allow the Commissioner of the ISC to supply these TFNs to the Australian Taxation Office for data matching purposes so as to ensure that superannuation entities pay the correct amount of tax;

The bill also contains a number of safeguards to meet concerns about the privacy of individuals. The proposed means for TFNs to enter into the superannuation system is by the beneficiary voluntarily quoting the TFN to either the trustee of a fund or the employer who passes it to the fund.

The amendments will generally apply from the 60th day after Royal Assent.

These amendments are not expected to impact on the revenue.

Fringe benefits tax: exemption for minor benefits with a value less than $100

The bill will give effect to the Coalition's election commitment to double the FBT minor benefits exemption.

The amendments will ensure that fringe benefits of less than $100 (provided they meet the other conditions under the law) can qualify for exemption from fringe benefits tax.

This amendment will help to reduce compliance costs for employers who provide minor benefits to employees and will ensure that employers who only provide irregular minor benefits of less than $100 avoid paying FBT altogether.

The amendment will apply from the day the bill receives Royal Assent.

Offshore banking units

The bill will allow offshore banking units that provide funds management activities for non-residents to invest in Australian assets. A 10% limit (by value) will be set on the Australian asset component of each investment portfolio. The Government considers that this will be appropriate to meet the requirements of most global fund managers by enabling them to offer more balanced global portfolios with a small component of Australian assets.

These amendments have the potential to bring about a large increase in the level of offshore funds managed by Australian banks and enhance the development of Australia as a financial centre in the Asia Pacific region.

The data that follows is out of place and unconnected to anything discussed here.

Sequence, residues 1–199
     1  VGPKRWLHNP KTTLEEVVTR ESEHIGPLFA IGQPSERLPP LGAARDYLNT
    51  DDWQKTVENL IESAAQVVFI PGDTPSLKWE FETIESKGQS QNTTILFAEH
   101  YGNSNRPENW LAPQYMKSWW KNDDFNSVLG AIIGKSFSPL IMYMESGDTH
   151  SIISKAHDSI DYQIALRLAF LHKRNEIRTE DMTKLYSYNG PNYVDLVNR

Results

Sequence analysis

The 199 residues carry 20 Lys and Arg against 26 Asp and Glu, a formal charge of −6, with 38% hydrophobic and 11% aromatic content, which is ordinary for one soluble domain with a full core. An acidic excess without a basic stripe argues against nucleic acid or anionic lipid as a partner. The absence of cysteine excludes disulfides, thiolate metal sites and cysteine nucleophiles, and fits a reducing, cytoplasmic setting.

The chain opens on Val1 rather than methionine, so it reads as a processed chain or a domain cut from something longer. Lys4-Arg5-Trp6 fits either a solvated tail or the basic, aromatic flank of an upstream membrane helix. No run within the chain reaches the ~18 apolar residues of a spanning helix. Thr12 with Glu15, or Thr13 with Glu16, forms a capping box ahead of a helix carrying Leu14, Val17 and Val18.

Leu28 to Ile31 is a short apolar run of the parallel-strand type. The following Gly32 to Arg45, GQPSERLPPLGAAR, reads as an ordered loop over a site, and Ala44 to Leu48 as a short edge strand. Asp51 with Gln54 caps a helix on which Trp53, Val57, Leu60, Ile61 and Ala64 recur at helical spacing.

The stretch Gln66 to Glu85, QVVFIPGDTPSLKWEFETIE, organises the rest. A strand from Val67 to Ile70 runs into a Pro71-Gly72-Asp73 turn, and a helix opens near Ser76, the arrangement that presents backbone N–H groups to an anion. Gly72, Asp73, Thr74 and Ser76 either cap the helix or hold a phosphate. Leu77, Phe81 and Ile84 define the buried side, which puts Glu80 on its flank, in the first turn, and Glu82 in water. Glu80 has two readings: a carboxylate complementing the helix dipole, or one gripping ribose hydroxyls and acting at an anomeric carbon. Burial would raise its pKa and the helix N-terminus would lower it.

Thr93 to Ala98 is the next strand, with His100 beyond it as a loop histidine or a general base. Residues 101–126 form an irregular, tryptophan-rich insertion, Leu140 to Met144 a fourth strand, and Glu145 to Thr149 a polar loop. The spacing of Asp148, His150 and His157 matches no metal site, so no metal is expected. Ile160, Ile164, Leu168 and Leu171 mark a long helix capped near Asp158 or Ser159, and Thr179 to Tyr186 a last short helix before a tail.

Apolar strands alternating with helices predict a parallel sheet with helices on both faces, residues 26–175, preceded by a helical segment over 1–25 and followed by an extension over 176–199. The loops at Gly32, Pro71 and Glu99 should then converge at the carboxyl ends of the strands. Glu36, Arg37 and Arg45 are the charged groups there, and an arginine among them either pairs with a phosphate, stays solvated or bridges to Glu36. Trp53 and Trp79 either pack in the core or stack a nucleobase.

The amendments will apply from the commencement of the OBU's 1996-97 year of income.

These amendments are expected to have a negligible direct effect on revenue.

Repeal of section 261

The Government has decided to repeal section 261 of the Income Tax Assessment Act 1936. Section 261 effectively increases the costs involved in negotiating secured offshore lending agreements and hinders the development of Australia as a major financial centre in the Asia Pacific region.

The repeal applies to mortgages entered into after today.

The revenue impact of the amendment will be negligible.

Pooled Superannuation Trusts

The bill will allow complying superannuation funds and complying approved deposit funds (ADFs) to claim deductions for expenses relating to investments in pooled superannuation trusts and life insurance policies issued by life assurance companies or registered organisations.

Since 1 July 1988, when the income of superannuation funds and ADFs became taxable, a complying superannuation entity is unable to claim a deduction for expenses that relate to an investment in a pooled superannuation trust, life insurance company or registered organisation. The entity's ability to claim a deduction for expenses incurred as a result of investing in a PST or life policy is limited by the fact that any amount received upon redemption of units in a PST or surrender of a life policy is treated as tax exempt income. By contrast if a superannuation entity had made a direct investment in a product which was taxable in its hands, then it would be allowed a full deduction for its general management expenses.

This treatment is anomalous. Accordingly the measure will apply from 1 July 1988.

As a result of the amendments there will be a small but unquantifiable cost to the revenue.

Deductions for gifts

The bill will amend the gift provisions of the income tax law to allow deductions for gifts of $2 or more to The Central Synagogue Restoration Fund and The Borneo Memorials Trust Fund.

The bill also makes a number of other less significant and largely technical amendments to the superannuation and income tax laws.

I commend the bill to the Senate.

I also commend to the Senate the Explanatory Memorandum, which describes the measures in the bill in considerably greater detail.